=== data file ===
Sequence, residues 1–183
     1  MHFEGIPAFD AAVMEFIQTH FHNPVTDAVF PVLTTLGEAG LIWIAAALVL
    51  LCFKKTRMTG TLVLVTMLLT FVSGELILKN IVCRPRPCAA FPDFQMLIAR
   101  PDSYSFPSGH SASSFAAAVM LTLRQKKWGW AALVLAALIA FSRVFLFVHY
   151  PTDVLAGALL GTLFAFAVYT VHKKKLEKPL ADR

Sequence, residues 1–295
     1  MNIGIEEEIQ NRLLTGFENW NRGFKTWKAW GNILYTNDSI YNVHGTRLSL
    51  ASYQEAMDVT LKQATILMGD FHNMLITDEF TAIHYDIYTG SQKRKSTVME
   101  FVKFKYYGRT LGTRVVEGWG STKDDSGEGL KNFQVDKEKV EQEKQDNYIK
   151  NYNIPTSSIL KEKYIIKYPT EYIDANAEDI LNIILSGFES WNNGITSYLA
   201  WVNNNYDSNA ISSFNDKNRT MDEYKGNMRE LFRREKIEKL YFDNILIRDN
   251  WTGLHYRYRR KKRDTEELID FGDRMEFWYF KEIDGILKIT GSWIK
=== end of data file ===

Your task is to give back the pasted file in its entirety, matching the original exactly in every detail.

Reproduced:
Sequence, residues 1–183
     1  MHFEGIPAFD AAVMEFIQTH FHNPVTDAVF PVLTTLGEAG LIWIAAALVL
    51  LCFKKTRMTG TLVLVTMLLT FVSGELILKN IVCRPRPCAA FPDFQMLIAR
   101  PDSYSFPSGH SASSFAAAVM LTLRQKKWGW AALVLAALIA FSRVFLFVHY
   151  PTDVLAGALL GTLFAFAVYT VHKKKLEKPL ADR

Sequence, residues 1–295
     1  MNIGIEEEIQ NRLLTGFENW NRGFKTWKAW GNILYTNDSI YNVHGTRLSL
    51  ASYQEAMDVT LKQATILMGD FHNMLITDEF TAIHYDIYTG SQKRKSTVME
   101  FVKFKYYGRT LGTRVVEGWG STKDDSGEGL KNFQVDKEKV EQEKQDNYIK
   151  NYNIPTSSIL KEKYIIKYPT EYIDANAEDI LNIILSGFES WNNGITSYLA
   201  WVNNNYDSNA ISSFNDKNRT MDEYKGNMRE LFRREKIEKL YFDNILIRDN
   251  WTGLHYRYRR KKRDTEELID FGDRMEFWYF KEIDGILKIT GSWIK